Belcher v. Commissioner of Social Security, No. 3:2016cv02006 - Document 17 (N.D. Ohio 2017)

Court Description: Memorandum Opinion and Order: The decision of the Administrative Law Judge is affirmed; this case is dismissed in its entirety with prejudice (Related document 1 ). Signed by Magistrate Judge George J. Limbert on 9/18/17. (S,AA)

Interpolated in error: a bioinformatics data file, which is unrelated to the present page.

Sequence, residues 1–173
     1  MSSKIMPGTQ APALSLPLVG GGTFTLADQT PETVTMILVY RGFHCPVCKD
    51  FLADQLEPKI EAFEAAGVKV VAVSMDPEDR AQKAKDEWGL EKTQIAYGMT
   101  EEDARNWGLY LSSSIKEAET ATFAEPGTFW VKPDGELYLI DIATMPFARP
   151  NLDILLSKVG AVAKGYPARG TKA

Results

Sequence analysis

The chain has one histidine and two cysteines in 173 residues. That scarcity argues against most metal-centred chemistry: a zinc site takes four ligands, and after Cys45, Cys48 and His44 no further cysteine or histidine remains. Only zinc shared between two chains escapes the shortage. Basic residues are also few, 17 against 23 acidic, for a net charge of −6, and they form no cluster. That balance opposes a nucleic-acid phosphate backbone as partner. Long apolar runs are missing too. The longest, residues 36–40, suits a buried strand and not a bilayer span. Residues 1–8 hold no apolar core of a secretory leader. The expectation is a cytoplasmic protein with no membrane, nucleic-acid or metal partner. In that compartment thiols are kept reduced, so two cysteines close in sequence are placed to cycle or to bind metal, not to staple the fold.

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Belcher v. Commissioner of Social Security Doc. 17 UNITED STATES DISTRICT COURT NORTHERN DISTRICT OF OHIO WESTERN DIVISION TANYA R. BELCHER, ) ) Plaintiff, ) ) v. ) ) ) NANCY A. BERRYHILL1, ACTING COMMISSIONER OF SOCIAL ) SECURITY ADMINISTRATION, ) ) Defendant. ) ) CASE NO. 3:16CV2006 MAGISTRATE JUDGE GEORGE J. LIMBERT MEMORANDUM OPINION AND ORDER Plaintiff Tanya R. Belcher (“Plaintiff”) requests judicial review of the final decision of the Commissioner of Social Security Administration (“Defendant”) denying her applications for Disability Insurance Benefits (“DIB”) and Supplemental Security Income (“SSI”). ECF Dkt. #1. In her brief on the merits, filed on November 14, 2016, Plaintiff asserts that the administrative law judge (“ALJ”) issued a decision that was not based on substantial evidence and erred as a matter of law when evaluating the medical opinions of record. ECF Dkt. #10. Defendant filed a response brief on January 27, 2017. ECF Dkt. #16. Plaintiff did not file a reply brief. For the following reasons, the Court AFFIRMS the decision of the ALJ and dismisses the instant case in its entirety with prejudice. I. PROCEDURAL HISTORY Plaintiff protectively filed her applications for DIB and SSI in August 2012, alleging disability beginning on September 30, 2011. ECF Dkt. #9 (“Tr.”) at 397-404.2 These applications were denied initially and upon reconsideration. Id. at 290-301. Following the 1 On January 23, 2017, Nancy A. Berryhill became the acting Commissioner of Social Security, replacing Carolyn W. Colvin. 2 All citations to the Transcript refer to the page numbers assigned when the Transcript was filed as a .PDF, rather that the page numbers assigned by the CM/ECF system. When the Transcript was filed the .PDF included an index, with the indexed pages differentiated from the numerical pages. Accordingly, the page number assigned in the .PDF mirrors the page number printed on each page of the Transcript, rather than the page number assigned when the Transcript was filed in the CM/ECF system. Dockets.Justia.com denial, Plaintiff requested a hearing before an ALJ, which was held on June 17, 2014. Id. at 150. A supplementary hearing was held on February 25, 2015. Id. at 124. On March 24, 2015, the ALJ denied Plaintiff’s applications for DIB and SSI. Id. at 100. Subsequently, the Appeals Council denied Plaintiff’s request for review. Id. at 1. On August 11, 2016, Plaintiff filed the instant suit seeking review of the ALJ’s decision. ECF Dkt. #1. Plaintiff filed a brief on the merits on November 14, 2016. ECF Dkt. #10. Defendant filed a response brief on January 27, 2017. ECF Dkt. #16. Plaintiff did not file a reply brief. II. SUMMARY OF RELEVANT PORTIONS OF THE ALJ’S DECISION In the decision issued on March 24, 2015, the ALJ found that Plaintiff met the insured status requirements of the Social Security Act through March 31, 2015. Tr. at 105. The ALJ determined that Plaintiff had not engaged in substantial gainful activity since September 30, 2011, the alleged onset date. Id. Continuing, the ALJ stated that Plaintiff had the following severe impairments: dermatitis; osteoarthritis; borderline intellectual functioning; depression; anxiety; and post-traumatic stress disorder. Id. at 106. The ALJ then found that Plaintiff did not have an impairment or combination of impairments that met or medically equaled the severity of one of the listed impairments in 20 C.F.R. Part 404, Subpart P, Appendix 1. Id. After consideration of the record, the ALJ determined that Plaintiff had the residual functional capacity (“RFC”) to: lift and carry twenty pounds occasionally and ten pounds frequently; stand and/or walk about six hours in an eight-hour workday; sit about six hours in an eight-hour workday, with normal breaks; and occasionally climb ladders, ropes, or scaffolds, but that she must avoid all exposure to fumes, odors, dusts, gases, poor ventilation, and extreme heat. Tr. at 109. The ALJ also found that Plaintiff: would need instruction by demonstration; could perform simple, routine, and repetitive tasks with no strict production requirement in a relatively stable work environment with static work processes and procedures; was unable to meet high-paced production demands or perform complex and detailed tasks; could have occasional close, interpersonal interactions with coworkers and occasional interaction with the public; and must avoid prolonged exposure to extreme temperatures and weather. Id. -2- Continuing, the ALJ determined that Plaintiff had no past relevant work, was a younger individual on the alleged disability onset date, had at least a high school education and was able to communicate in English, and that the transferability of job skills was not an issue because Plaintiff did not have past relevant work. Tr. at 115. Considering Plaintiff’s age, education, work experience, and RFC, the ALJ found that there were jobs that existed in significant numbers in the national economy that Plaintiff could perform. Id. In conclusion, the ALJ determined that Plaintiff had not been under a disability, as defined in the Social Security Act, from September 30, 2011, through the date of the decision. Id. at 116. III. STEPS TO EVALUATE ENTITLEMENT TO SOCIAL SECURITY BENEFITS An ALJ must proceed through the required sequential steps for evaluating entitlement to social security benefits. These steps are: 1. An individual who is working and engaging in substantial gainful activity will not be found to be “disabled” regardless of medical findings (20 C.F.R. §§ 404.1520(b) and 416.920(b) (1992)); 2. An individual who does not have a “severe impairment” will not be found to be “disabled” (20 C.F.R. §§ 404.1520(c) and 416.920(c) (1992)); 3. If an individual is not working and is suffering from a severe impairment which meets the duration requirement, see 20 C.F.R. § 404.1509 and 416.909 (1992), and which meets or is equivalent to a listed impairment in 20 C.F.R. Pt. 404, Subpt. P, App. 1, a finding of disabled will be made without consideration of vocational factors (20 C.F.R. §§ 404.1520(d) and 416.920(d) (1992)); 4. If an individual is capable of performing the kind of work he or she has done in the past, a finding of “not disabled” must be made (20 C.F.R. §§ 404.1520(e) and 416.920(e) (1992)); 5. If an individual’s impairment is so severe as to preclude the performance of the kind of work he or she has done in the past, other factors including age, education, past work experience and residual functional capacity must be considered to determine if other work can be performed (20 C.F.R. §§ 404.1520(f) and 416.920(f) (1992)). Hogg v. Sullivan, 987 F.2d 328, 332 (6th Cir. 1992). The claimant has the burden to go forward with the evidence in the first four steps and the Commissioner has the burden in the fifth step. Moon v. Sullivan, 923 F.2d 1175, 1181 (6th Cir. 1990). -3- IV. STANDARD OF REVIEW Under the Social Security Act, the ALJ weighs the evidence, resolves any conflicts, and makes a determination of disability. This Court’s review of such a determination is limited in scope by §205 of the Act, which states that the “findings of the Commissioner of Social Security as to any fact, if supported by substantial evidence, shall be conclusive.” 42 U.S.C. §405(g). Therefore, this Court’s scope of review is limited to determining whether substantial evidence supports the findings of the Commissioner and whether the Commissioner applied the correct legal standards. Abbott v. Sullivan, 905 F.2d 918, 922 (6th Cir. 1990). The substantial-evidence standard requires the Court to affirm the Commissioner’s findings if they are supported by “such relevant evidence as a reasonable mind might accept as adequate to support a conclusion.” Cole v. Astrue, 661 F.3d 931, 937 (citing Richardson v. Perales, 402 U.S. 389, 401 (1971)) (internal citation omitted). Substantial evidence is defined as “more than a scintilla of evidence but less than a preponderance.” Rogers v. Comm’r of Soc. Sec., 486 F.3d 234 (6th Cir. 2007). Accordingly, when substantial evidence supports the ALJ’s denial of benefits, that finding must be affirmed, even if a preponderance of the evidence exists in the record upon which the ALJ could have found plaintiff disabled. The substantial evidence standard creates a “‘zone of choice’ within which [an ALJ] can act without the fear of court interference.” Buxton v. Halter, 246 F.3d 762, 773 (6th Cir. 2001). However, an ALJ’s failure to follow agency rules and regulations “denotes a lack of substantial evidence, even where the conclusion of the ALJ may be justified based upon the record.” Cole, supra (citing Blakely v. Comm’r of Soc. Sec., 581 F.3d 399, 407 (6th Cir. 2009)) (internal citations omitted). V. ANALYSIS A. General Arguments Plaintiff begins the argument portion of her brief with a section titled “Overview.” ECF Dkt. #10 at 11. In this section, Plaintiff makes a number of brief arguments. Id. at 11-14. First, Plaintiff asserts that the ALJ found that there were jobs that existed in significant numbers to allow Plaintiff to maintain substantial gainful activity, but that Plaintiff lived in a largely rural -4- area of Ohio with no transportation to other areas for employment. Id. Defendant correctly states that the appropriate standard is whether jobs that Plaintiff could perform existed in the national economy, rather than near Plaintiff’s place of residence. ECF Dkt. #16 at 14-15 (citing 42 U.S.C. § 423(d)(2)(A); Harmon v. Apfel, 168 F.3d 289, 292 (6th Cir. 1999)). Accordingly, Plaintiff’s argument regarding the number of local jobs available to her is without merit. Next, Plaintiff claims that treating physician, Craig Thompson, M.D., did not have access to all of the medical records in this case.3 ECF Dkt. #10 at 11. Plaintiff states that the ALJ “overruled” the treating physician’s opinion that she was totally and permanently disabled “because [the ALJ] disagreed,” and that the ALJ could have sent interrogatories to Dr. Thompson or conducted another hearing if there were “any doubts.” Id. As an initial matter, Plaintiff does not identify what medical records were available that Dr. Thompson did not have access to at the time he issued his opinion. See id. More importantly, “[a]n ALJ has discretion to determine whether further evidence, such as additional testing or expert testimony, is necessary.” Foster v. Halter, 279 F.3d 348, 355 (6th Cir. 2011); see also 20 C.F.R. § 404.1512(d); Ferguson v. Comm’r of Soc. Sec., 628 F.3d 269, 275 (6th Cir. 2010). The ALJ did not commit any error when it was determined that enough evidence was available to issue a decision since there was no requirement that the ALJ supplement the record. Continuing, Plaintiff claims that the ALJ “fail[ed] to take any note of the [her] diagnosis of schizoaffective disorder.” ECF Dkt. #10 at 11. Plaintiff also claims that the ALJ misunderstood her testimony regarding her auditory hallucinations, erroneously believing the testimony to be contradictory.4 Id. at 11-12. Despite Plaintiff’s claim to the contrary, the ALJ 3 Plaintiff discusses the treating physician rule at greater length later in her brief, and the Court will address these arguments below. 4 For the remainder of the “Overview” section of her brief, it is not always clear what portion of the record or the ALJ’s decision Plaintiff relies upon when presenting her arguments since no specific portion of either is cited. See ECF Dkt. #10 at 11-14. Instead, the citations provided for pages 11-12 of Plaintiff’s brief all read “Id.,” which refers the Court back to page 185 of the Transcript. Page 185 of the Transcript contains some of the questions posed by the ALJ to the VE, evidence which is largely immaterial to the arguments presented by Plaintiff. On page 13 of her brief, Plaintiff cites to page 486 of the Transcript, a letter from her attorney to the Appeals Counsel, when stating that “a competitive work environment would not -5- specifically mentioned her diagnosis of schizoaffective disorder. See Tr. at 112. Further, it is unclear where in the decision Plaintiff believes the ALJ misconstrued her statements regarding hallucinations as inconsistent testimony. The ALJ indicated that Plaintiff answered “not really” when asked if she experienced auditory hallucinations, but later indicated that she was experiencing auditory hallucinations. Tr. at 110-11. The ALJ simply observed changes in Plaintiff’s statements regarding auditory hallucinations. See Tr. at 116. Moreover, the ALJ did not include these statements as a reason for finding that Plaintiff was not fully credible, further supporting the conclusion that the ALJ did not take the statements as inconsistent when finding that Plaintiff was not disabled. See Tr. at 114. Accordingly, Plaintiff’s argument regarding the ALJ’s treatment of her schizoaffective disorder is without merit. Plaintiff next asserts that the ALJ’s finding that her hearing loss imposed no more than minimal limitations on her ability to work was only based on her ability to hear during the administrative hearings. ECF Dkt. #10 at 12. Continuing, Plaintiff states that she testified that she had difficulty with her hearing aid in noisy environments. Id. Plaintiff claims that the ALJ failed to incorporate her difficulties regarding hearing in the RFC. Id. As an initial matter, Plaintiff does not explain why it was unreasonable for the ALJ to consider her ability to hear when she appeared for the administrative hearings. Further, Plaintiff omits discussion of the portion of her testimony in which she states that she had “to turn the hearing aid down to hear whether someone’s talking to [her] or something” when in a noisy environment. Tr. at 182. The ALJ then asked Plaintiff whether adjusting the volume of her hearing aid when in noisy environments “work[ed]” for her, to which Plaintiff responded in the affirmative. Id. at 183. Based on her testimony, it appears that Plaintiff had some difficulty hearing in noisy environments, but that this difficulty could be remedied by adjusting the volume of her hearing aid. Plaintiff has failed to show that the RFC did not adequately address her ability to hear. allow for the level of supervision that [Plaintiff] requires.” Plaintiff then references back to this page of her attorney’s letter for the remainder of “Overview” section of her brief, however, the material contained in this portion of the letter is largely unrelated to her remaining arguments, and, in any event, does not constitute medical evidence. See id. at 13-14. -6- Continuing, Plaintiff claims that the ALJ’s determination that she would need instruction by demonstration and could perform simple, routine, and repetitive tasks did not adequately represent job limitations that would allow her to maintain substantial gainful employment. ECF Dkt. #10 at 12-13. Plaintiff discusses her history of special education and being terminated from past employment as evidence that the ALJ’s RFC finding was inadequate. Id. The ALJ discussed Plaintiff’s history of special education when making the RFC determination. Plaintiff does not explain how her history of special education or the notes from her individualized education plan show that she would be unable to perform tasks that were simple, routine, and repetitive after being instructed through supervision. Plaintiff’s general allegations that her history of special education make it impossible for her to maintain employment consistent with the RFC determination are insufficient to warrant a finding of error. Likewise, Plaintiff cites her history of being terminated or leaving employment “because she was not fast enough or because of physical discomfort from her medical conditions.” ECF Dkt. #10 at 13. Plaintiff does not cite medical or opinion evidence undermining the ALJ’s RFC determination. The ALJ was aware of Plaintiff’s work history when making the RFC determination, and Plaintiff has failed to provide sufficient reasons explaining how the ALJ erred when making the determination. Next, Plaintiff claims that she had limited activities of daily living, and that the ALJ misunderstood her testimony when finding that she went “out to eat with her church friends once in a while.” ECF Dkt. #10 at 13-14. The ALJ’s indication that Plaintiff went out to eat with church friends was made in the context of a discussion of the impact of her mental impairments. See Tr. at 110-11. While Plaintiff did not testify that she went out to eat with church friends, she did testify that she enjoyed going out to eat and that she had friends at church that she considered family. Tr. at 132, 164-65. The fact that the ALJ mistakenly indicated that Plaintiff went out to eat with her church friends does not render the decision unsupported by substantial evidence, especially considering Plaintiff testified that she had a “church family” and that she enjoyed going out to eat. Id. Further, Plaintiff notes that she has difficulty performing some daily activities, however, the ALJ discussed a number of her activities of daily living, including: caring for her personal -7- needs; passing a driving exam and maintaining a driver’s license (but only driving once every few weeks); cooking; washing clothes; attending church; and grocery shopping with the assistance of her husband or mother. Tr. at 111. While Plaintiff indicates that she had difficulty in some activities of daily living, she fails to show that the ALJ erred when determining that her activities of daily living did not support finding her disabled. “The findings of the Commissioner are not subject to reversal merely because there exists in the record substantial evidence to support a different conclusion.” Buxton, 246 F.3d at 773. The ALJ cited a number of Plaintiff’s activities of daily living when determining that she was not disabled under the Social Security Act. The fact that Plaintiff can point to several activities which may support a finding of disability is not grounds to reverse the decision of the ALJ. See id. Plaintiff also briefly states that IQ tests revealed working memory and perpetual reasoning skill scores of sixty-nine, and that further IQ testing demonstrated some scores in the seventies. ECF Dkt. #10 at 14. Based on these scores, Plaintiff states that her deficits “caused her significant trouble when interacting within our society.” Id. Plaintiff does not allege that the ALJ was unaware of these IQ scores, or attempt to argue that these scores warrant reversal of the ALJ’s decision. B. Substantial Evidence Plaintiff asserts that the ALJ’s RFC finding is not based on substantial evidence. ECF Dkt. #10 at 14-15. The entirety of Plaintiff’s argument consists of the following: Significantly, the ALJ did not cite to any medical opinions from any examining physicians which supported his finding that [Plaintiff] can perform light work on a sustainable basis. Light work requires “standing or walking, off and on, for a total of approximately 6 hours of an 8-hour [workday].” However, the reports of Dr. Thompson and Dr. McKay do not support such a finding. The [sic] do not believe that [Plaintiff] has the ability to keep up the pace in a competitive work environment. Accordingly, the ALJ cited to no medical evidence which supported his RFC assessment as no such evidence exists in the record. As such, the ALJ’s finding that [Plaintiff] can perform light work on a sustainable basis is not based on substantial evidence. Id. (internal citations omitted). -8- First, Plaintiff’s assertion that the ALJ cited no medical evidence which supported his RFC assessment is simply untrue. In making such a broad statement, Plaintiff appears to completely disregard the ALJ’s discussion of her: sparse treatment records from 2008-09; mental health treatment for depression in 2010 and 2011; continued mental health treatment after she moved back to Ohio from Florida in 2014; medications prescribed to improve her mental health; meeting with the consultative examiner; treatment notes from 2010 regarding her chest pain; dermatological history; and treatment with her treating physician. See Tr. at 112-14. Rather than attempt to explain how any of these medical records do not support the ALJ’s RFC finding, Plaintiff instead broadly claims that the ALJ made the RFC finding without any basis. The Court disagrees. The ALJ provided a thorough recitation of Plaintiff’s hearing testimony, treatment history for both her physical and mental impairments, and the opinions presented as to her impairments. Tr. at 109-15. When substantial evidence supports the ALJ’s denial of benefits, that finding must be affirmed, even if a preponderance of the evidence exists in the record upon which the ALJ could have found the claimant disabled. Rogers, 486 F.3d at 234. The ALJ presented substantial evidence supporting the RFC finding and subsequent denial of benefits. The Court declines to provide an exhaustive list of medical evidence supporting the RFC determination, and Plaintiff has not identified any particular medical evidence that contradicts the ALJ’s RFC finding that needs to be addressed by the Court. Regarding the opinions from Dr. Thompson and Dr. McKay stating that Plaintiff would be unable to work, the decision of whether a claimant is capable of work is reserved for the ALJ and the fact that medical sources stated that Plaintiff was disabled does not mean that the ALJ was required to find that she was disabled. See 20 C.F.R. §§ 404.1527(e), 405.1546; Poe v. Comm’r of Soc. Sec., 342 Fed.Appx. 149, 157 (6th Cir. 2009). Plaintiff does not present any medical finding made by either physician that she believes contradicts the ALJ’s RFC finding. See Tr. at 14-15. Plaintiff has failed to establish that the ALJ’s RFC finding is not based on substantial evidence. -9- C. Treating Physician Rule Finally, Plaintiff claims that the ALJ erred in assigning “almost no weight” to the medical opinion of her treating physician, Dr. Thompson. ECF Dkt. #10 at 16. An ALJ must give controlling weight to the opinion of a treating source if the ALJ finds that the opinion is well-supported by medically acceptable clinical and diagnostic techniques and not inconsistent with the other substantial evidence in the record. Wilson v. Comm’r of Soc. Sec., 378 F.3d 541, 544 (6th Cir. 2004). If an ALJ decides to discount or reject a treating physician’s opinion, he or she must provide “good reasons” for doing so. Social Security Rule (“SSR”) 96-2p. The ALJ must provide reasons that are “sufficiently specific to make clear to any subsequent reviewers the weight the adjudicator gave to the treating source’s medical opinion and the reasons for that weight.” Id. This allows a claimant to understand how her case is determined, especially when she knows that her treating physician has deemed her disabled and she may therefore “be bewildered when told by an administrative bureaucracy that [s]he is not, unless some reason for the agency’s decision is supplied.” Wilson, 378 F.3d at 544 (quoting Snell v. Apfel, 177 F.3d 128, 134 (2d Cir. 1999)). Further, it “ensures that the ALJ applies the treating physician rule and permits meaningful appellate review of the ALJ’s application of the rule.” Id. If an ALJ fails to explain why he or she rejected or discounted the opinions and how those reasons affected the weight afforded to the opinions, this Court must find that substantial evidence is lacking, “even where the conclusion of the ALJ may be justified based upon the record.” Rogers, 486 F.3d at 243 (citing Wilson, 378 F.3d at 544). The Sixth Circuit has noted that, “while it is true that a lack of compatibility with other record evidence is germane to the weight of a treating physician’s opinion, an ALJ cannot simply invoke the criteria set forth in the regulations if doing so would not be ‘sufficiently specific’ to meet the goals of the ‘good reason’ rule.” Friend v. Comm’r of Soc. Sec., 375 Fed.Appx. 543, 551 (6th Cir. 2010). The Sixth Circuit has held that an ALJ’s failure to identify the reasons for discounting opinions, “and for explaining precisely how those reasons affected the weight” given “denotes a lack of substantial evidence, even where the conclusion of the ALJ may be justified -10- based upon the record.” Parks v. Social Sec. Admin., 413 Fed.Appx. 856, 864 (6th Cir. 2011) (quoting Rogers, 486 F.3d at 243 ). However, an ALJ need not discuss every piece of evidence in the administrative record so long as he or she considers all of a claimant’s medically determinable impairments and the opinion is supported by substantial evidence. See 20 C.F.R. § 404.1545(a)(2); see also Thacker v. Comm'r of Soc. Sec., 99 Fed.Appx. 661, 665 (6th Cir. 2004). Substantial evidence can be “less than a preponderance,” but must be adequate for a reasonable mind to accept the ALJ’s conclusion. Kyle v. Comm’r of Soc. Sec., 609 F.3d 847, 854 (6th Cir. 2010) (citation omitted). After quoting Dr. Thompson’s assessment of her limitations, Plaintiff presents the following argument: Instead of giving weight to [Plaintiff’s] primary care physician, Dr. Thompson, the ALJ gives great weight to Dr. Beaty. The ALJ states that Dr. Beaty’s decision in Exhibit 6F was that “[Plaintiff’s] mental impairments, while imposing some limitation, do not completely preclude her from all work and do not render her disabled.” This is completely false and a wholly inaccurate interpretation of everything Dr. Beaty states in Exhibit 6F. The closes thing that Dr. Beaty gets to mentioning anything along these lines is the first preliminary impression of [Plaintiff’s] appearance where he states that “[s]he appeared clean and appropriately dressed. There were no obvious appearance of being handicapped, no involuntary movements, and she walked with a normal gait.” So besides disregarding the primary care physician without good reason, the ALJ mistakenly and improperly relies on statements that were never made by Dr. Beaty and gives this nonexistent opinion controlling weight. If Dr. Beaty’s opinion was actually given controlling weight, there would in fact be a finding of disability for [Plaintiff] as the doctor’s summary of work related tasks include sitting less than five minutes, standing one minute, with problems understanding, problems remembering everything, with severe difficulties sustaining concentration, with task persistence and with social interactions. ECF Dkt. #10 at 16-17 (internal citations omitted). Plaintiff’s argument is without merit. Regarding Dr. Thompson’s opinion, the ALJ was required to provide “good reasons” for discounting the opinion as Dr. Thompson was a treating physician. SSR 96-2p. Dr. Thompson opinion that Plaintiff was “totally and permanently disabled,” mainly due to her underlying psychiatric problems and cognitive impairments. Tr. at 813. When providing reasons for discounting Dr. Thompson’s opinion, the ALJ indicated that Dr. Thompson stated that Plaintiff was terminated from her last job for “being slow,” a statement that directly contradicted Plaintiff’s hearing testimony that she quit her job due to skin irritation -11- and environmental issues. Tr. at 114. Further, the ALJ stated that Dr. Thompson’s limited treatment with Plaintiff failed to document any specific mental limitation that would warrant changes to the RFC. Id. The ALJ also noted that Dr. Thompson’s treatment notes stated that Plaintiff indicated that she did not want to restart her medications as she felt that she was “well without them.” Id. (quoting Tr. at 878). Additionally, the ALJ correctly stated that Dr. Thompson’s opinion was largely based on Plaintiff’s subjective reports and inconsistent with the treatment record. The reasons provided by the ALJ constitute “good reasons” for discounting Dr. Thompson’s opinion. Plaintiff does not provide any substantive argument claiming that the ALJ failed to provide “good reasons” for discounting Dr. Thompson’s opinion, or that any of the reasons provided by the ALJ constituted an invalid reason for discounting the opinion. See ECF Dkt. #10 at 16-17. Instead, Plaintiff states that the ALJ disregarded Dr. Thompson’s opinion “without good reason” and then assigned a misreading of Dr. Beaty’s opinion great/controlling weight.5 According to Plaintiff, since the ALJ assigned great/controlling weight to Dr. Beaty’s opinion, it was required that all findings in the opinion be adopted verbatim. See id. at 17. Plaintiff relies on a misapplication of the treating physician rule. The treating physician rule requires that an ALJ provide “good reasons” if he or she assigns less than controlling weight to the opinion of a treating source. See Wilson, 378 F.3d at 544; SSR 96-2p. The ALJ provided “good reasons” for discounting Dr. Thompson’s opinion. Plaintiff does not contest the reasons offered by the ALJ beyond stating that Dr. Thompson’s opinion was disregarded “without good reason.” ECF Dkt. #10 at 17. Plaintiff then begins asserting that the ALJ assigned controlling weight to Dr. Beaty’s opinion, yet failed to actually adopt the findings contained in the opinion. Id. The ALJ did not assign controlling weight to Dr. Beaty’s opinion, but rather assigned great weight to the opinion. Tr. at 114. The ALJ was under no obligation to adopt all of the findings contained in Dr. Beaty’s opinion. Likewise, the ALJ was not required to evaluate the opinion of 5 Plaintiff first states that the ALJ assigned Dr. Beaty’s opinion great weight, but later begins asserting that the opinion was assigned controlling weight. See ECF Dkt. #10 at 16-17. -12- Dr. Beaty pursuant to the treating physician rule as Dr. Beaty was the physician who performed Plaintiff’s consultative examination, rather than a treating physician. For Plaintiff to show that the ALJ violated the treating physician rule, it is required that she demonstrate that the ALJ discounted or rejected a treating physician’s opinion without providing “good reasons.” See Wilson, 378 F.3d at 544; SSR 96-2p. Plaintiff has failed to make such a showing. Moreover, Plaintiff provides no substantive argument regarding the reasons the ALJ provided for assigning Dr. Thompson’s opinion less than controlling weight. Accordingly, Plaintiff has failed to show that the ALJ violated the treating physician rule. VI. CONCLUSION For the foregoing reasons, the Court AFFIRMS the decision of the ALJ and dismisses the instant case in its entirety with prejudice. Date: September 18, 2017 /s/George J. Limbert GEORGE J. LIMBERT UNITED STATES MAGISTRATE JUDGE -13-